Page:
A Soft Approach
We focus on developing the correct body structure as a foundation for all movements in Wing Chun. A soft and relaxed approach prevents our structure from being easily disturbed, and helps us maintain sensitivity to our opponents’ reactions. We avoid training with brute force at all times. Instead our training emphasises the correct position of each body part for each individual move, while observing the 5 principles of bodily alignment in Wing Chun.
5 Principles of Bodily Alignment
- 鉗膝 (kim sat) squeeze the knees towards each other
落馬 (lok maa) drop into the horse and sink down into the knees
挺腰 (ting yiu) tilt the pelvis under slightly to connect the spine with the stance
登頭 (dang tau) straighten the head and neck upwards while relaxing the shoulders downwards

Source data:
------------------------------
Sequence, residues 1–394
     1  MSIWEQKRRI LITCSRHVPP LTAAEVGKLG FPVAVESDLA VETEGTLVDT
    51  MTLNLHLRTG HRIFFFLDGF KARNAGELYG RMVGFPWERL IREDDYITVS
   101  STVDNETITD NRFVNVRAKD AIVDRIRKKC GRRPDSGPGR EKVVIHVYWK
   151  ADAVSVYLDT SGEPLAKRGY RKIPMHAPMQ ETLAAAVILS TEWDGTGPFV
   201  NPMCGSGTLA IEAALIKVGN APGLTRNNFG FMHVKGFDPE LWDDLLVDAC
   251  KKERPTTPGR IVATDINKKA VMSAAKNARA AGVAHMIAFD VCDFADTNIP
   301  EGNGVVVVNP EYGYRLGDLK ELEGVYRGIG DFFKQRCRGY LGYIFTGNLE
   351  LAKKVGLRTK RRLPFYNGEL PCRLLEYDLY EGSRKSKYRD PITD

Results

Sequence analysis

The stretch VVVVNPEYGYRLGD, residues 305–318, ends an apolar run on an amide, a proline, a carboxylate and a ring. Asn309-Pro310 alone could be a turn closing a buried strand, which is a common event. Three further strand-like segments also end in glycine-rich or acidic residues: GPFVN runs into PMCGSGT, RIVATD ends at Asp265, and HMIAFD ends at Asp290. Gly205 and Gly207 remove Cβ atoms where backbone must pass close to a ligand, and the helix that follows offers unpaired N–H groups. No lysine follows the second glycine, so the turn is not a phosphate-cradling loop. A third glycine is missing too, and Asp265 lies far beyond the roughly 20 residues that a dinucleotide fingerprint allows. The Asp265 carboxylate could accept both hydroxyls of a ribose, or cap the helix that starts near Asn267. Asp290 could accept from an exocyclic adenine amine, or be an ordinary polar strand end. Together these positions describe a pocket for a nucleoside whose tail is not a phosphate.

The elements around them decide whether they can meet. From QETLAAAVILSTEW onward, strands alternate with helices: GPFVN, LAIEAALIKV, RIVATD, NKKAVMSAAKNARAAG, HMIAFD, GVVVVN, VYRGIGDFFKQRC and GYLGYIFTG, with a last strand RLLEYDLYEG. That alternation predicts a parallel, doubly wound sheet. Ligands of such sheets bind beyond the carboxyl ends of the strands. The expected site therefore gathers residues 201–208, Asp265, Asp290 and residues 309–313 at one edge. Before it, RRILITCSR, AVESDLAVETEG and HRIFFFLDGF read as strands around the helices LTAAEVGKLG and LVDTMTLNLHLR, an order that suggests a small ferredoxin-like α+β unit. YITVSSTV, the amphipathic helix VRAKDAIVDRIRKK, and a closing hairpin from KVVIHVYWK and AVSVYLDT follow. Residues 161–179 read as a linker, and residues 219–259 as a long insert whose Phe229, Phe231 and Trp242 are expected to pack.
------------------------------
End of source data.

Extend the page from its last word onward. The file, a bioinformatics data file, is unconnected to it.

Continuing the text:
埋肘 (maai zaang) squeeze the elbows downward and inward
Sensitivity is defined as the ability to feel and determine the amount, type, and direction of the opponent’s energy. The more sensitive you become, the more information you can gain from your opponent, thus allowing you to coordinate your strengths to their weaknesses. With this ability, you can sense if the amount of energy is subtle or excessive, determine whether the type of energy is relaxed or tense, and anticipate whether the direction of energy is on your centerline, another crucial contact point, or in a direction that poses no threat.
One of the keys to obtaining sensitivity is having the ability to relax and remove tension from your body and mind while maintaining the correct positions. There are many Wing Chun exercises and drills that train practitioners to develop proper relaxation and sensitivity, such as don chi and chi sao.
Based on our sensitivity training, we develop our timing relative to the energy we receive. Good timing allows you to use more of your opponent’s energy against him and less of your energy to accomplish your goals.